Having provided that Bradley Property-related suits "shall not be . . . maintained" in federal court, Congress had already mandated their dismissal before it said so; how could a court heed the command that such suits shall not be maintained in federal court without dismissing them?  The addition of "and shall be promptly dismissed," rather than mandating dismissal prior to or independently from a jurisdictional determination, can be read to merely confirm the jurisdictional nature of "shall not be filed or maintained," which otherwise might be read as a claim-processing rule under the Court's clear-statement rule for deciding when jurisdictional statutes are really jurisdictional.  One might say that this reads 2(b)'s second clause to contain a silent "therefore"—"shall not be filed or maintained in federal court and shall therefore be promptly dismissed"—that clarifies Bradley Property-related suits are to be dismissed because they "shall not be maintained in federal court," i.e., because there is no federal jurisdiction over them.  I do not think it does much violence to 2(b) to suggest that this "therefore" is nascent in the statute.

Such a parsimonious reading of mandatory language should be familiar to Chief Justice Roberts, who, having determined in NFIB that the ACA would be unconstitutional if it contained an insurance mandate, invoked avoidance to read the ACA's seeming command "that individuals 'shall' maintain health insurance" as "a condition . . . that triggers a tax," not as "a legal command to buy insurance."  I tend to find that saving construction more plausible than most; since the only legal consequence of "mandating" people to buy insurance under the ACA was requiring them to make a relatively small payment to the IRS if they didn't, it was quite possible to read the mandate as precatory.  I also have never understood what great difference the saving construction made; couldn't the mandate have been severed from the tax/penalty and practically produced just the same result?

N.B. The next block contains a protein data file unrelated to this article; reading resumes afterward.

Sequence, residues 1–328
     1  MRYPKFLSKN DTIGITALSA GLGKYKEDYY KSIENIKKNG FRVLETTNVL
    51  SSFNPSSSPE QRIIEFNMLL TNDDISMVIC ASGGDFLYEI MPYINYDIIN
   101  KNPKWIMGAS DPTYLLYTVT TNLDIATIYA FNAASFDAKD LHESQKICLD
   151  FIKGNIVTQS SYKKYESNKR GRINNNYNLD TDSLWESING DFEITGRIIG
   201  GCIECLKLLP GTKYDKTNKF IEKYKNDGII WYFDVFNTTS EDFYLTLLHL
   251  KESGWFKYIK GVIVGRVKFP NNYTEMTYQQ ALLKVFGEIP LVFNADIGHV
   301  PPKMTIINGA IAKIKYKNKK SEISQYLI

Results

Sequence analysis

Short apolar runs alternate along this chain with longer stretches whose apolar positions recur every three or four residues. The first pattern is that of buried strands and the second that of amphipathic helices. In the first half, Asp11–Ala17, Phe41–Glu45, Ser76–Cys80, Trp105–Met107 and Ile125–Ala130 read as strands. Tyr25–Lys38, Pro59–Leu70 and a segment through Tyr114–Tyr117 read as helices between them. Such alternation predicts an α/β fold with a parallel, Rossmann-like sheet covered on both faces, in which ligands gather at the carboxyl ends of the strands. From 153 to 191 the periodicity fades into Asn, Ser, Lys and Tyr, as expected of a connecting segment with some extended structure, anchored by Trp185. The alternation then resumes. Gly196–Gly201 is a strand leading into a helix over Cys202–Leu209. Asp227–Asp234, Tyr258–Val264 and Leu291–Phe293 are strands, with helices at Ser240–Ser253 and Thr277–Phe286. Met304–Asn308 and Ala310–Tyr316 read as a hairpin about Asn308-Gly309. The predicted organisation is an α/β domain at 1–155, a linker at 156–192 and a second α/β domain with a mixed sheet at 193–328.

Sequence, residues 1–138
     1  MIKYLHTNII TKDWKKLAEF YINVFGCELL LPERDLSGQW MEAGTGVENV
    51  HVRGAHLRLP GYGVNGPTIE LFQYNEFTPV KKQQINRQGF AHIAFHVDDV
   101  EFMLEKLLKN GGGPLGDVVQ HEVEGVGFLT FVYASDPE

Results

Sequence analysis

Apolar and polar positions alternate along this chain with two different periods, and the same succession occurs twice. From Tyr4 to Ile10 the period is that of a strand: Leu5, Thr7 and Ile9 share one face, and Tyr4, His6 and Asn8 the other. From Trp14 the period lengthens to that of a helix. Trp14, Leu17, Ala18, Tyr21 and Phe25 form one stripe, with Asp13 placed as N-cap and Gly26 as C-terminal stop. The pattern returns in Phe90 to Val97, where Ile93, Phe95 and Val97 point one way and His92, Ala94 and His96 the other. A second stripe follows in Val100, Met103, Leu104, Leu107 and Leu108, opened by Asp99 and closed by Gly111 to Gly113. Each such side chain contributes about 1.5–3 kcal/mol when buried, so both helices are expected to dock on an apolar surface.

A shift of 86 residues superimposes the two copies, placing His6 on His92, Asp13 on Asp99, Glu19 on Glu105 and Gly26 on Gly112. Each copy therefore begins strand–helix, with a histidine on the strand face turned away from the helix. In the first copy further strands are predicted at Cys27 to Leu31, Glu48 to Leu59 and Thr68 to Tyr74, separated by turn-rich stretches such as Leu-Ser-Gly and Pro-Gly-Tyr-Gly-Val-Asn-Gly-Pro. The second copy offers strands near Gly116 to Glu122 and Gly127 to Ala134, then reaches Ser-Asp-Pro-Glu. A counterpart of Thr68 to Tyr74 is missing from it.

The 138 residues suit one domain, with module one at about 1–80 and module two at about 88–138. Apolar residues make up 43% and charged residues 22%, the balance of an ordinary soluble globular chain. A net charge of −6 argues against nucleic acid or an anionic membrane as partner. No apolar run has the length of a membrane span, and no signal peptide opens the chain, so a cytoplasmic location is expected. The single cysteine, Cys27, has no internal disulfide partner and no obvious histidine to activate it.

But in any event, I think my reading of "and shall promptly be dismissed" is even more plausible than Roberts' reading of the mandate; whereas Roberts read the ACA's "shall" to mandate nothing at all, I would read "and shall be promptly dismissed" to mandate dismissal, on the jurisdictional grounds provided earlier in the sentence.  This seems to me not only a permissible reading of section 2(b), but its most natural reading.  After all, if 1332 said that federal courts had jurisdiction of diversity suits with an amount-in-controversy in excess of $75,000, and shall dismiss suits with an amount-in-controversy of $75,000 or less, would we read the "shall dismiss" clause to deprive district courts of jurisdiction to determine their jurisdiction in cases with an amount-in-controversy of $75,000 or less, or simply as the inverse of the jurisdictional grant?  I should think the latter, and if 1332's constitutionality turned on it, we would be compelled to read it that way.  So too with the Gun Lake Act.